[PS: If you're hitting a paywall, you can use this link]

Sam Bankman-Fried was recently live interviewed by Andrew Ross Sorkin from the New York Times as part of the DealBook summit, an interview which was scheduled before the FTX collapse and remained so.

The summary is that SBF tried to frame the collapse as a series of mistakes, propped by his ignorance on different aspects of accounting, risk management and what was happening at Alameda.  As the NY Times reports, parts of his narrative seem to contradict evidence regarding the comingling of funds between FTX and Alameda. 

For the most part, SBF also backed off many of the statements he made on Kelsey Piper's interview, especially regarding what some interpreted back then as him confessing of trying to deceive the public. Besides the occasional mention of donations, there was no mention of effective altruism.

Among some of the things he said:

  • “Was there comingling of funds?” “I didn't knowingly comingle funds. (…) I was surprised as to how exposed Alameda's position was.”
  • He pointed that he was misinformed by significant discrepancies between post facto accounting and what was informed by their internal dashboards.
  • “I wasn't running Alameda, I didn't know exactly what was going on. (…) Obviously that is a pretty bad mistake on my part, it was a pretty big oversight.”
  • “When did you think you knew there was a problem?” “November 6. That was the date when the tweet about CZ [Changpeng Zhao] came out.”
  • He said he entered the interview against the advice by his lawyers. This at least seems to match with the partly incriminatory statements he made during the interview. “There’s a time and a place for me to think about myself and my own future. I don’t think this is it.”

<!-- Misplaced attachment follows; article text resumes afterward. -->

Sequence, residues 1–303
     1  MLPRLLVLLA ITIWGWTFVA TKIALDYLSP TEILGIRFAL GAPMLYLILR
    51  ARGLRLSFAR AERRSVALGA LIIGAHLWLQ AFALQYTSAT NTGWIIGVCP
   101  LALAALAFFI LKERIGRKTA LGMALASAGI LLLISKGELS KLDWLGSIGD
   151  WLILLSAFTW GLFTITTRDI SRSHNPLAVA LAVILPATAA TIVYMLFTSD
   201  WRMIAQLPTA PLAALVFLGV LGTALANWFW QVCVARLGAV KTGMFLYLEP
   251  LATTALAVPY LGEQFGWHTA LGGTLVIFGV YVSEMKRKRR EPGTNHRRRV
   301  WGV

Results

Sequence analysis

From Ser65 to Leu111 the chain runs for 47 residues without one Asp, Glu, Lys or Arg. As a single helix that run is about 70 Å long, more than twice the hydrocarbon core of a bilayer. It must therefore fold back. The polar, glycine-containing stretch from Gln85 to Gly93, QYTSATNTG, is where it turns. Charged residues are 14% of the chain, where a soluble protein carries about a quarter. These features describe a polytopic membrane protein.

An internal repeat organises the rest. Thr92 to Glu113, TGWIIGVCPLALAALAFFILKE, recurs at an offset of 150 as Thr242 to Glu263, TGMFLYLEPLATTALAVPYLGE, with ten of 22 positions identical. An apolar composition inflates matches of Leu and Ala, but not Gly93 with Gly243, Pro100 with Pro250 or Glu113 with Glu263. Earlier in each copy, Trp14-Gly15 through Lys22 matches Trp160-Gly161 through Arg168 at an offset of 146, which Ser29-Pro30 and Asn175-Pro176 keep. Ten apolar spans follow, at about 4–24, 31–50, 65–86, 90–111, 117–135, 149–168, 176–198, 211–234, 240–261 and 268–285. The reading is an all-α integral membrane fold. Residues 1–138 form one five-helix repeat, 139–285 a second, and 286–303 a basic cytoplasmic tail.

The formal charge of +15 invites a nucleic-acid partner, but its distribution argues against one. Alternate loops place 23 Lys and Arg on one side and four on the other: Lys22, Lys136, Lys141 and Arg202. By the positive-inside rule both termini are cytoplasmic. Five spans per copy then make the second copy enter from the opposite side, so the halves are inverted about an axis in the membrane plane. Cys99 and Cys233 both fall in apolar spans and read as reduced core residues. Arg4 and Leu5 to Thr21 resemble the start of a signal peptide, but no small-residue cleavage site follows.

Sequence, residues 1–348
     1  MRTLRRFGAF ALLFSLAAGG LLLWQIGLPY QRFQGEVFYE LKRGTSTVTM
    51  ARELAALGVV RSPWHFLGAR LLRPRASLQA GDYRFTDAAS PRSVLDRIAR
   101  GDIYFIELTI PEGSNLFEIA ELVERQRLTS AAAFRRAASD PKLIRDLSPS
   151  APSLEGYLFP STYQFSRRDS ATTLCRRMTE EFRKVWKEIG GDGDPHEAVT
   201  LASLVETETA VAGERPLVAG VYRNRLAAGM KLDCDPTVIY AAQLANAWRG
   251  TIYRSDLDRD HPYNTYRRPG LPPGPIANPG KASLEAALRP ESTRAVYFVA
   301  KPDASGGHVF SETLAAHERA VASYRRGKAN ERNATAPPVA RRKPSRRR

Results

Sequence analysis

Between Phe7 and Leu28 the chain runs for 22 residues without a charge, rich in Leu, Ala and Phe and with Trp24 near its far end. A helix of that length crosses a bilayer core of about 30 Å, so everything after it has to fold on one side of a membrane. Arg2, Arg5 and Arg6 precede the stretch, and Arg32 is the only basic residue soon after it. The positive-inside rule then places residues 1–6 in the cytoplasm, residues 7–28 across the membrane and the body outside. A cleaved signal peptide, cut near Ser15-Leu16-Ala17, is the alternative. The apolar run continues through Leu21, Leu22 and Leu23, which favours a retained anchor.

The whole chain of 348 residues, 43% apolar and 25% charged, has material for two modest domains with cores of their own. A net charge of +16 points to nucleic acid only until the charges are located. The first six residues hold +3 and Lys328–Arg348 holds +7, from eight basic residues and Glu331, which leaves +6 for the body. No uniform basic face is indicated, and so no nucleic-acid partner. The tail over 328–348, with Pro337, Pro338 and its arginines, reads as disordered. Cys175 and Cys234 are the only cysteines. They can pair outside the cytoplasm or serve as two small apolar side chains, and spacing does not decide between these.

• Regarding the interview with Kelsey Piper, he attempted to recontextualize the comments he had made on doing good as merely differentiating between real impact (giving the example of bed nets for malaria) and other instrumental donations “for the business”. His answer was not entirely clear. Regarding public deception, he later declared “I was as truthful as I’m knowledgeable to be, (…) I don’t know of times when I lied”.
  • Regarding spending on houses and other things, he said it was part of a strategy to attract tech talent for FTX. Specifically regarding buying a property for his parents, he said they had only stayed there temporarily and that it was company property.
  • As for why investors like Sequoia Capital missed the risk management problems in FTX, he said they were worried about upsides, which is natural in their role as investors.
  • On drugs, he said he had taken prescribed stimulants for focus, but there was nothing surprising in that. He said reports about parties were greatly exaggerated, “there were no wild parties. At our parties, we play board games.”.
  • On governance, he said he even thought, “if anything, we had too many boards”.  He pointed that even though he believes that there were over 12 boards in different entities with regulatory functions, the problem was that there was no one explicitly in charge of customer risk management.
  • Finally, he explained that it was still possible to make costumers whole, or at the very least it was entirely possible a month ago (regretting bankruptcy). He pointed out to the existence of several assets which were merely illiquid, and pointed out that FTX US and FTX Japan were probably still completely solvent (as opposed to the larger FTX International).


New to LessWrong?